You’ve appeared at West End Live in 2015 as Matilda, have you attended the event not as a performer?
I’d never heard of West End Live before I joined Matilda but the day before my performance, which was on a Sunday, I went to watch Anna Louise, who was the other Matilda, perform at West End Live and I was in the audience quite close to the stage and it all felt very huge when I looked back at Trafalgar Square and all the thousands of people. I met Beverley Knight on the day of my performance backstage and she gave me some fantastic advice. She said, think of it like you’re performing at your own concert and enjoy every second. When I came out on stage, the square was packed out and my performance was being streamed on the big TV screens around the edges, it was amazing.
Out of all the events you were able to do while playing Matilda, which stood out the most?
Definitely the solo performance for Friday Night is Music Night for the BBC Concert Orchestra. I had the opportunity to perform with a 60-piece band and it was the most incredible atmosphere. It was live on the radio, but for some reason I felt very calm. During the tech run I was stuffing blueberries and chatting with Caroline Sheen, who was singing a beautiful solo piece just before my performance. My grandparents and Mum were in the audience and my mum said she cried the whole time. I was the only child in the whole concert so it was a honour to be there and it was my first ever radio experience.
Did you enjoy playing the role of Brigitta in the UK tour of The Sound of Music?
Yes, very much, it was my first tour and I got to perform with some of the cast I already knew from other shows. We were like a big family and because there were a lot of Von Trapps, it felt good to be part of a team. The costumes were so different to the school uniform I wore for Matilda. I got to dress up in posh dresses and even wear a playsuit made out of curtains. Mr Von Trapp, Neil Roberts, later went on to be my dad, Mr Banks, when I played Jane in Mary Poppins.
Have you done other workshops apart from The Boy in the Dress and would you like to do more?
This was my first workshop and when I arrived at the rehearsal rooms I saw about five or six friends I’d worked with before and none of us knew we were going to be there. It happened very quickly, we got the call on the Thursday and it started on the Monday. It was an intensive three weeks and quite a privilege to be able to hear the first ever songs that Robbie Williams had written for the production. The script is fantastic and David Walliams, who is adapting his book for the musical, came to watch a one-off performance that we did at the end of the rehearsals. It’s really interesting to be part of an early draft of a workshop and yes, I’d love to do more.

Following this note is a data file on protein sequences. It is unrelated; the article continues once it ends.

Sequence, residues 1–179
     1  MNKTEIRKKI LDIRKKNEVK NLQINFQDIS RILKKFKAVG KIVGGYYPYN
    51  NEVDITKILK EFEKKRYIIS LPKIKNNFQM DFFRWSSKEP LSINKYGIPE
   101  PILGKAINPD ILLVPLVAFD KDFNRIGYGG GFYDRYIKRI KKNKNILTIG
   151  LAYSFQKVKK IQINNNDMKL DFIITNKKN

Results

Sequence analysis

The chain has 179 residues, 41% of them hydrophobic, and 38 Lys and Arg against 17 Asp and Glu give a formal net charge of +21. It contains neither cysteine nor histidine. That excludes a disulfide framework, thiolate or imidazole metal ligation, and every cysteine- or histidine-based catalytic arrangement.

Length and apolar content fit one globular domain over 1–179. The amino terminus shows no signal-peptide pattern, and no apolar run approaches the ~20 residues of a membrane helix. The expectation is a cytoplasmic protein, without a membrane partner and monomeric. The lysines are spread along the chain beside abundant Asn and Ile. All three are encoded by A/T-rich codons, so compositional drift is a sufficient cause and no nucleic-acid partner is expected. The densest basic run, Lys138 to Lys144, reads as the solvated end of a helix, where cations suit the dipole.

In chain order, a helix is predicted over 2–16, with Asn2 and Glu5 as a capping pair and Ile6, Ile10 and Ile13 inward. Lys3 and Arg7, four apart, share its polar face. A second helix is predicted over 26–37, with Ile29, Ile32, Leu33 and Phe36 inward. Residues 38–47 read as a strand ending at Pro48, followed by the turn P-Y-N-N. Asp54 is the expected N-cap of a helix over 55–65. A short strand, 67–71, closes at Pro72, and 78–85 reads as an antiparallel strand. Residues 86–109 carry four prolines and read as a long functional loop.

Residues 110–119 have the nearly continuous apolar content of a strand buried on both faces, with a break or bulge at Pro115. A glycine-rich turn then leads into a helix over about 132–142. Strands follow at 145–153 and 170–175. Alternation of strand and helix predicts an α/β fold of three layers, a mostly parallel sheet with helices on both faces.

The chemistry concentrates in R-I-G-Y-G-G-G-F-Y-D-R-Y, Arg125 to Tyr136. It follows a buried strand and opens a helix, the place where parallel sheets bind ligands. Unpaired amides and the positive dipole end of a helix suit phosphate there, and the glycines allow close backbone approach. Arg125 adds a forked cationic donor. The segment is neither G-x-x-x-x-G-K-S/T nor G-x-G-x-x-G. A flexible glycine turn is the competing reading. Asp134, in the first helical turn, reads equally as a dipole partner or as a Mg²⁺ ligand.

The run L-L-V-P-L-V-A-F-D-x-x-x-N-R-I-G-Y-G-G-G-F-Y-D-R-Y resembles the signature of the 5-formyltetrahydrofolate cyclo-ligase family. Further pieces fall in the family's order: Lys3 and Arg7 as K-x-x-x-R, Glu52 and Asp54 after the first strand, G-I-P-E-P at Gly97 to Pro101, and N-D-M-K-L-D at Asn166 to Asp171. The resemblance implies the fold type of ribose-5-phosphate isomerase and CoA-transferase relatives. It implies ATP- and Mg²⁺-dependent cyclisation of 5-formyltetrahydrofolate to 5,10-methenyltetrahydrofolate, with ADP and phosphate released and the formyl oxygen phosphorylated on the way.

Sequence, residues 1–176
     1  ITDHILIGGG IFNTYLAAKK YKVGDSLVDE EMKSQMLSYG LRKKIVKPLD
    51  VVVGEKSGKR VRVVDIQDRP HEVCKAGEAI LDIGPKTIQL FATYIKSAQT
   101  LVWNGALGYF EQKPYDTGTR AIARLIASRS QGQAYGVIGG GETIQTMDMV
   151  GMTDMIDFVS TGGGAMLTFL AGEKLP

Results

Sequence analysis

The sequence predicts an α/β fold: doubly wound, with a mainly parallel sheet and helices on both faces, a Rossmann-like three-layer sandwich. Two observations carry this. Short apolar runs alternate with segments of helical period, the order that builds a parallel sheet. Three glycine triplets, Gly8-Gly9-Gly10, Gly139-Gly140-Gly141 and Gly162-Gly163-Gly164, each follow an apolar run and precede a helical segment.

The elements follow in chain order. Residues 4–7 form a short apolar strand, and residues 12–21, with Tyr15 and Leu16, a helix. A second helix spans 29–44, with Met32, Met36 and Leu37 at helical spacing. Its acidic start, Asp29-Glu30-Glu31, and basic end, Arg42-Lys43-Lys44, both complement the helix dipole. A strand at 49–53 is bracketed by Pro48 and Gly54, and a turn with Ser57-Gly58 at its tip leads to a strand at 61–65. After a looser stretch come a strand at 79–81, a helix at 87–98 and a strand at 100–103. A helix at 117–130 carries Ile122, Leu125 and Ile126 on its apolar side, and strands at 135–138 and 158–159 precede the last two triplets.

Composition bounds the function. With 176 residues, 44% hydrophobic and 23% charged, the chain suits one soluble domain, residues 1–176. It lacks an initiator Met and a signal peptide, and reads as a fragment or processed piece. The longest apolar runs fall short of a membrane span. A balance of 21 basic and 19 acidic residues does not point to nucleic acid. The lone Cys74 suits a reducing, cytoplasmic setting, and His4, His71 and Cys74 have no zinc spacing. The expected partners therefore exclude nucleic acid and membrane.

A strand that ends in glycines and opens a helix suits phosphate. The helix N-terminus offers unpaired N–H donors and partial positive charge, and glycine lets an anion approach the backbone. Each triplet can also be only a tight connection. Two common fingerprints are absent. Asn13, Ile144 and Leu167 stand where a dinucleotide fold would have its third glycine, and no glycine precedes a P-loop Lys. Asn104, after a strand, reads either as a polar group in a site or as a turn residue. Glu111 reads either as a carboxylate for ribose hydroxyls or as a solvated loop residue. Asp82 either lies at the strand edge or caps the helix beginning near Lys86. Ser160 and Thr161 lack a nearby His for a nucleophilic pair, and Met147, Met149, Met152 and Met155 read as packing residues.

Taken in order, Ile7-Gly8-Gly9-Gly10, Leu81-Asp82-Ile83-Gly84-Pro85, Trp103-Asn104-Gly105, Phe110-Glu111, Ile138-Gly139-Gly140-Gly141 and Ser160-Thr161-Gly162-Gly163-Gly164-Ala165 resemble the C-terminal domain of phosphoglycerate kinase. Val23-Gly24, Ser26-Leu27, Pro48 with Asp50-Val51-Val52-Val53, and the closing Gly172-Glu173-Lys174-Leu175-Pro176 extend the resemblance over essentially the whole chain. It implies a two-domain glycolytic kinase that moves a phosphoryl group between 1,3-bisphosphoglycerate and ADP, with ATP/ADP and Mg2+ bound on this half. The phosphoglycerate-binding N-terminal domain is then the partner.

What was it like acting in Why is the Sky Blue? opposed to your previous roles?
It was totally different and a challenging subject and I had to really connect with my feelings so that I could do the piece justice. It’s a really important piece of theatre created by Abbey Wright and Shireen Mula. I think being a teenager now and learning about how other young people are affected by things that you may not have experienced is important. It was great to not play a part but to portray verbatim lyrics and the songs are really unique.
📷 : Marc Brenner
Do you hope there will be another run of the production and would you like to be involved?
It would be great if it went to the National for a week or two and yes, I’d like to be included. I made some lovely friends with different young people who I may never have otherwise met.
What was it like performing at the Southwark Playhouse?
We performed in the tiny theatre at the Southwark Playhouse which was really intimate, I liked it a lot. It felt like the audience were up close and sharing a lot of the feelings of the play. It was not an easy subject to perform as it is serious stuff but there was so much humour from the audience because some of the research is actually very funny that we performed.
Have there been any celebrity guests in the audience of any of your theatre performances?
It’s been lovely to meet lots of people who have seen me perform. I remember Ella Henderson and her family watched me twice in Matilda and spent time chatting to me after the show. Hanging out with Tim Minchin at the cast parties was awesome, he’s so quirky. I’ve met Alex Lawther, Tanya Burr and Michelle Collins. In Dubai, the Royal Saudi Princesses took up almost the front row in Mary Poppins. Of course, having Sir Cameron Mackintosh watching press night was nerve-racking! Filming the trailer for Mary Poppins in Zurich was great too with Swiss News. I’ve been very lucky to be supported by the Realising Dreams Foundation (they are a small charity based in Scotland) who have helped me to attend Arts Educational Schools in London where there are so many talented pupils, and when I found out Zizi Strallen, who played Mary Poppins, used to be a student, I wanted to go there too.
What are your acting plans for the next few months?
I am recording the album for Why is the Sky Blue? shortly and auditioning for TV and film roles through my agent Andrew Braidford at Braidford Willoughby Hutton. I’d love to appear in a feature film, playing someone gritty or maybe a thriller.
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Categories: home, Interview, Young Performers